In an announcement that only further widened the gaping chasm between the New York Yankees and humanity, the baseball team asked Congress Wednesday for $500 million in Federal bailout funds, according to the Associated Press.
"The Yankees have been hurt by the downturn like everyone else," said Mike Pecanty, one of the attorneys working for the Yankees on this case. "The US government should actively support this franchise's survival and growth, just as it feels the need to support any other industry cherished by the American people."
Despite moving into a brand-new $1.5 billion ballpark, the Yankees have seen attendance numbers plummet this season, especially in high-priced corporate seating areas of New Yankee Stadium. Even with the bitter rival Boston Red Sox in town earlier this week, some sections of the stadium were virtually devoid of fans, and others were so empty they featured a cavernous echo effect reminiscent of Ted Stryker's inner monologue in the movie Airplane!. Many analysts blame the steep price tag on premium seats, which average $510 apiece and attempt to fetch as much as $2500.
Yet the Yankees maintain that their recent financial woes are not due to ticket pricing, nor to the $201 million they spent on three free agents this past offseason.
"Is this the fault of the government? I'd say yes," YES Network executive Eric Fleming said via conference call on Tuesday. "They have done everything possible to favor such nonessential industries as banking and auto manufacturing, sitting idly by while the New York Yankees - winners of 26 fucking World Championships, I might add - face financial ruin."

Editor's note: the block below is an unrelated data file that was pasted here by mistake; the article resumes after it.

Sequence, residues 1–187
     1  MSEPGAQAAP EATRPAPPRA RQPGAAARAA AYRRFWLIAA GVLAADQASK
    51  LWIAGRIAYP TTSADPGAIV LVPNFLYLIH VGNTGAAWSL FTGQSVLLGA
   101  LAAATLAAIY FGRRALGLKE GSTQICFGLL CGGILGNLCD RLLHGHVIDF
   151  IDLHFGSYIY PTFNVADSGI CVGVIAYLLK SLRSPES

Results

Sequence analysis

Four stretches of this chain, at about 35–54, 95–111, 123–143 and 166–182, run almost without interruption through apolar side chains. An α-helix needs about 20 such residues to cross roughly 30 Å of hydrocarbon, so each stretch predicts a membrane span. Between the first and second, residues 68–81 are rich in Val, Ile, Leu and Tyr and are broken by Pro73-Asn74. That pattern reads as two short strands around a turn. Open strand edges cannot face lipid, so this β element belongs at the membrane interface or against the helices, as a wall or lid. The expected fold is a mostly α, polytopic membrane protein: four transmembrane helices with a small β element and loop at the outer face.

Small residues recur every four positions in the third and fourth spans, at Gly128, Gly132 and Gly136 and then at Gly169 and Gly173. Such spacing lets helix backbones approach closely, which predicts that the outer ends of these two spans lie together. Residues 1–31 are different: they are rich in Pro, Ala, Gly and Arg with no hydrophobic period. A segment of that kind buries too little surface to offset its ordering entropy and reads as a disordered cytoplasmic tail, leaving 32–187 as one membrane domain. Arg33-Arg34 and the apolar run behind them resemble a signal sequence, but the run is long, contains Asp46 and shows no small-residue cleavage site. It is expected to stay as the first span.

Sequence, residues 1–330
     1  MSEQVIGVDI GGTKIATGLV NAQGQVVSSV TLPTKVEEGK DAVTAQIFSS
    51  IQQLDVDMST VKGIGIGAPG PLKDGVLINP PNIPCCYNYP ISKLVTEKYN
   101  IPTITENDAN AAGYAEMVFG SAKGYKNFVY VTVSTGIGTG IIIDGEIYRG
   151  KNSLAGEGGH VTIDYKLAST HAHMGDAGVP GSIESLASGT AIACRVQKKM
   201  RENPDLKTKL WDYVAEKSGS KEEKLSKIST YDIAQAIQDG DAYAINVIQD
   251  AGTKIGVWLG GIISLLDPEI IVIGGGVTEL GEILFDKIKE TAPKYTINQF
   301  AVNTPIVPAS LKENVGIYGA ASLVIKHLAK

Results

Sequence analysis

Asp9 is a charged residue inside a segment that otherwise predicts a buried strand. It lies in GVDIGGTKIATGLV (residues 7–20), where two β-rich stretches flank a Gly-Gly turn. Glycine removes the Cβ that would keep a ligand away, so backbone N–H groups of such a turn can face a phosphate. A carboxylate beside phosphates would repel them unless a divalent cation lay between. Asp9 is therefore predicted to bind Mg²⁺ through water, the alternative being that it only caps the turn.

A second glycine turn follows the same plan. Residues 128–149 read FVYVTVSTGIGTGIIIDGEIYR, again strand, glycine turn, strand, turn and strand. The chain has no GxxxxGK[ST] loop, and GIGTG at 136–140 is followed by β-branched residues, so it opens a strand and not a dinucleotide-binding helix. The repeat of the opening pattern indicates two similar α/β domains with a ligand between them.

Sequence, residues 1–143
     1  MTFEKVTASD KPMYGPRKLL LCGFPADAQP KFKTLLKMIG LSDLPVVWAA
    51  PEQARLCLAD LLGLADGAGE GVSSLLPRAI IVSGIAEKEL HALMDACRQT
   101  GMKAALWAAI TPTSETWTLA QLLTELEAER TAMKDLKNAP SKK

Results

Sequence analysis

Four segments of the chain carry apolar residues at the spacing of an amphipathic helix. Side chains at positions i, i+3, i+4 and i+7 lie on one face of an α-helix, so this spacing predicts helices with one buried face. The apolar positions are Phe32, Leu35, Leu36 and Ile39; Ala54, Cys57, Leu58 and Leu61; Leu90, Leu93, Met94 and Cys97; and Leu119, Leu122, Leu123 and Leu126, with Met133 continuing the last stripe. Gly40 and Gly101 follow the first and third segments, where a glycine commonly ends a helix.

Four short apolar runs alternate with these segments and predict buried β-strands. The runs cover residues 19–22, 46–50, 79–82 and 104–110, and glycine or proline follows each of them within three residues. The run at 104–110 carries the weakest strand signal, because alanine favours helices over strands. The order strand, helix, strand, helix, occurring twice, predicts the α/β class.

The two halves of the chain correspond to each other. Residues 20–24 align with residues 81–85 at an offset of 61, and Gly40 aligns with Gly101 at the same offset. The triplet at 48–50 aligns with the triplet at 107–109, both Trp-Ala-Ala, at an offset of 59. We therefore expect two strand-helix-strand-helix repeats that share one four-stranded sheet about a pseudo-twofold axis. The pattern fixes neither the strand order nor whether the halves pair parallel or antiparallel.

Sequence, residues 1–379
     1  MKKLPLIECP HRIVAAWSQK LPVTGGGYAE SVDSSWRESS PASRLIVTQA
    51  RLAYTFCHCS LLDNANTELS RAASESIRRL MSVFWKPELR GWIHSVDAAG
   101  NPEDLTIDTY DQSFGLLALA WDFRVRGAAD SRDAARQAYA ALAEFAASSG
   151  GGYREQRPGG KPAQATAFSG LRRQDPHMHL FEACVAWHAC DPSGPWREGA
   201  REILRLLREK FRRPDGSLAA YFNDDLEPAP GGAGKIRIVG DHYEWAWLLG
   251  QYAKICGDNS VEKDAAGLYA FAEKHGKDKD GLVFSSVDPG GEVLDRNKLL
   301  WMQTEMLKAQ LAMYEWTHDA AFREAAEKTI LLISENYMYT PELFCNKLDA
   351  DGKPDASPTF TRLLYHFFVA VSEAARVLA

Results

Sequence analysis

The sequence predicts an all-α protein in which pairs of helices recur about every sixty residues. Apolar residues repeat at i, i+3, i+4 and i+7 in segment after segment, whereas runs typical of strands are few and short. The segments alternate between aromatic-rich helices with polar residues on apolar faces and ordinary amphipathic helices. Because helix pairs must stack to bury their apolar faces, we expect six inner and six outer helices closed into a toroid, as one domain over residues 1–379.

"How dare people say it's our own fault for overcharging on tickets, or signing aging, overrated free agents for exorbitant sums of money that make the Sultan of Brunei look fiscally conservative by comparison," Fleming continued. "We're the Yankees, people. This country owes us. For every non-Yankee baseball game the average fan enjoys, he depriving us of revenue - stealing from us, if you will. If the government thinks they can ignore our rights here, they'd better have a moderately competent defense prepared, or we'll just steamroll them with pure hubris."
Most other teams were merciless in their condemnation of the Yankees' demands. Fred Wilpon, owner of the New York Mets, blasted the crosstown team's actions: "I think it's pathetic to spend like they do and expect the taxpayers to bail them out when they fail economically," Wilpon said from his shiny new office at Citi Field. "Hearing this, I feel as angry and homicidal as I did when I finally realized I'd been taken by Bernie Madoff," he continued. "Well, almost."
Reactions from their rivals to the north were surprisingly muted, however, given the historical acrimony between the two clubs.
"The Yankees want a federal bailout? Huh. Well, good for them," Red Sox second baseman Dustin Pedroia said when reporters told him about the Yankees' demands. He added: "To be honest, we're kind of over the whole Yankees thing anyway. Let us know if the Rays try to pull this kind of shit, though. They're the ones we're actually worried about."